The state of New Jersey designated a section of Rt. 29 in Trenton, along the Delaware river, The John Fitch Parkway.

See also



Notes

  1. [1]
  2. [2]
  3. http://www.franklinpapers.org/franklin/search?q=fitch&sound=sound
  4. http://memory.loc.gov/ammem/collections/madison_papers/mjmquery.html
  5. Ohio Historical Society – catalogue search (model of steam locomotive)
  6. Steamtown NHS: American Steam Locomotives – includes photo of the model railway locomotive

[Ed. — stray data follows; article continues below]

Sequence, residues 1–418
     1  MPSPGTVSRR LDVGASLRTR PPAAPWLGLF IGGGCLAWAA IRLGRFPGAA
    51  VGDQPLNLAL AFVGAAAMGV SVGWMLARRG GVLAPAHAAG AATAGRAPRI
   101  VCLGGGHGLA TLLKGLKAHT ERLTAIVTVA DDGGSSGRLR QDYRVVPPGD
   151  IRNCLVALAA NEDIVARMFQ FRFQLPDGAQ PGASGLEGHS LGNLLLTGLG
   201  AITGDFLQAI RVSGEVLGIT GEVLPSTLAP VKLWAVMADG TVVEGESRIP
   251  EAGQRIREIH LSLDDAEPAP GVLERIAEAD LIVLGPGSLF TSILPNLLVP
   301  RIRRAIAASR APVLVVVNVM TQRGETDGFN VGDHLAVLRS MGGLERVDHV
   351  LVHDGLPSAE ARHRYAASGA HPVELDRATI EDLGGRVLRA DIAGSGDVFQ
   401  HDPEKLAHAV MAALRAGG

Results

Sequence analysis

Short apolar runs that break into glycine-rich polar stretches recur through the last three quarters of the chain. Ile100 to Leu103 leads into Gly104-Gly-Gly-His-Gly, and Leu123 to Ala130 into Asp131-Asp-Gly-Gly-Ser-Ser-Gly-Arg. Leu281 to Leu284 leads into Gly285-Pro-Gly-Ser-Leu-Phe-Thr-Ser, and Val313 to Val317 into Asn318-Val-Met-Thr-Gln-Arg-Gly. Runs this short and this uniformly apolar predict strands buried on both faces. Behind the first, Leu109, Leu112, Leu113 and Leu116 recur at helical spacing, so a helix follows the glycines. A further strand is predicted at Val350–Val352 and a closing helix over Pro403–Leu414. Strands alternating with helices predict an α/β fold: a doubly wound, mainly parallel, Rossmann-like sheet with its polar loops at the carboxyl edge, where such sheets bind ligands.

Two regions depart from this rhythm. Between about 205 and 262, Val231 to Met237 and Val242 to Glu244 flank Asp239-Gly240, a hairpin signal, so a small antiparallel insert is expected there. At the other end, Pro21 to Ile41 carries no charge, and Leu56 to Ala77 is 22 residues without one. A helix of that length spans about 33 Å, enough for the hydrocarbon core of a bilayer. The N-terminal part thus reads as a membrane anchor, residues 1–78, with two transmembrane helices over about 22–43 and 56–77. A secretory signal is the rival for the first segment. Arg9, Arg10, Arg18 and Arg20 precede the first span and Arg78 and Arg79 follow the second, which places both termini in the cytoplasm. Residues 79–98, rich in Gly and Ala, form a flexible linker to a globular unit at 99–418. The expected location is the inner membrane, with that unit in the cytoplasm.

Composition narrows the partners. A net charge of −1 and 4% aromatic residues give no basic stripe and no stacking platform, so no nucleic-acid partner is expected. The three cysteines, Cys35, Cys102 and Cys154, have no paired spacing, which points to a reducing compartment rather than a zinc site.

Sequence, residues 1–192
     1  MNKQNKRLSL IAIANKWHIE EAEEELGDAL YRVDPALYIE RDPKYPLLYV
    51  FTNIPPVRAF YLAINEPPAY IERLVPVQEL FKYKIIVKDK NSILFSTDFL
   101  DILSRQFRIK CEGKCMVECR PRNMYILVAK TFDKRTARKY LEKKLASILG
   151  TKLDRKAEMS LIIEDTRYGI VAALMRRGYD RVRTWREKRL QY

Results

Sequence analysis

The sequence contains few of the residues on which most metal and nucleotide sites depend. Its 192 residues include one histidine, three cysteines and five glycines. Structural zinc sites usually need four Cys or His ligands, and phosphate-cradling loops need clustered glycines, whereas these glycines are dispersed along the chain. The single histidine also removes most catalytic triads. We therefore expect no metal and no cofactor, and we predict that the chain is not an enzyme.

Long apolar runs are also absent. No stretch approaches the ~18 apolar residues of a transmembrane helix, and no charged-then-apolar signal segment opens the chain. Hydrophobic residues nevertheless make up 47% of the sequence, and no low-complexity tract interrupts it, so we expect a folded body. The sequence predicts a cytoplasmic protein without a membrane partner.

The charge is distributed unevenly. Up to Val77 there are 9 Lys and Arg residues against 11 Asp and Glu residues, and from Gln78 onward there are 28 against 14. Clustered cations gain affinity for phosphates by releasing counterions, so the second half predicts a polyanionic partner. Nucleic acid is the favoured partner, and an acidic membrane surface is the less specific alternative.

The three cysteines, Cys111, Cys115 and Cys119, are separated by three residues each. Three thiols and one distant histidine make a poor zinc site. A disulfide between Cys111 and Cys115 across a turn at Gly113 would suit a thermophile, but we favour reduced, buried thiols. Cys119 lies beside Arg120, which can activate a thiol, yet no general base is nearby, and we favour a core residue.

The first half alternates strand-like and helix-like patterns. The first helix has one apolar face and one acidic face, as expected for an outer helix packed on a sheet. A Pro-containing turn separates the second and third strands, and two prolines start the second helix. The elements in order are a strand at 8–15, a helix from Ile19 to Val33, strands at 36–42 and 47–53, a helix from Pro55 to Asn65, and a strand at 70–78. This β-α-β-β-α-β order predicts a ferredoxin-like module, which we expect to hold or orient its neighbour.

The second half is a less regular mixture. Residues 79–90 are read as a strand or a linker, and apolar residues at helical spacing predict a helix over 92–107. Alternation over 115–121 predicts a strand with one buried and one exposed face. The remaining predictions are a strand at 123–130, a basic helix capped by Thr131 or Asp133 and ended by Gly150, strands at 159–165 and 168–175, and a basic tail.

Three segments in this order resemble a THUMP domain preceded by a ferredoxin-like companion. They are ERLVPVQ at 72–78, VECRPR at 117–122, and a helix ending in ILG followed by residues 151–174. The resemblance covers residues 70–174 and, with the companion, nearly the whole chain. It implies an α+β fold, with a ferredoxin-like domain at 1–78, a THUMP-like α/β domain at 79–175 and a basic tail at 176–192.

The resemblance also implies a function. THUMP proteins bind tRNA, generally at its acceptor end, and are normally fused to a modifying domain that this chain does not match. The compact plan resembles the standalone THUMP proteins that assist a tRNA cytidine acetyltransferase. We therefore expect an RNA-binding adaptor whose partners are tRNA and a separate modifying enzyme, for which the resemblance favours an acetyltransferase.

7. National Register of Historic Places Register Listing


References

  • Boyd, Thomas, Poor John Fitch: Inventor of the Steamboat (1972) Manchester, NH: Ayer Company Publishers ISBN 0836956842; ISBN 978-0836956849
  • Prager, Frank , editor (1976) The Autobiography of John Fitch Philadelphia: American Philosophical Society
  • Watson, John F. (1850), Annals of Philadelphia and Pennsylvania, King and Baird
  • Wescott, Thompson (1857), The life of John Fitch, the inventor of the steamboat, Philadelphia: J. B. Lipponcott & Company.
  • "John Fitch." Dictionary of American Biography. 1928-1936.
  • "John Fitch." Webster's American Biographies. G&C Merriam Co. 1975.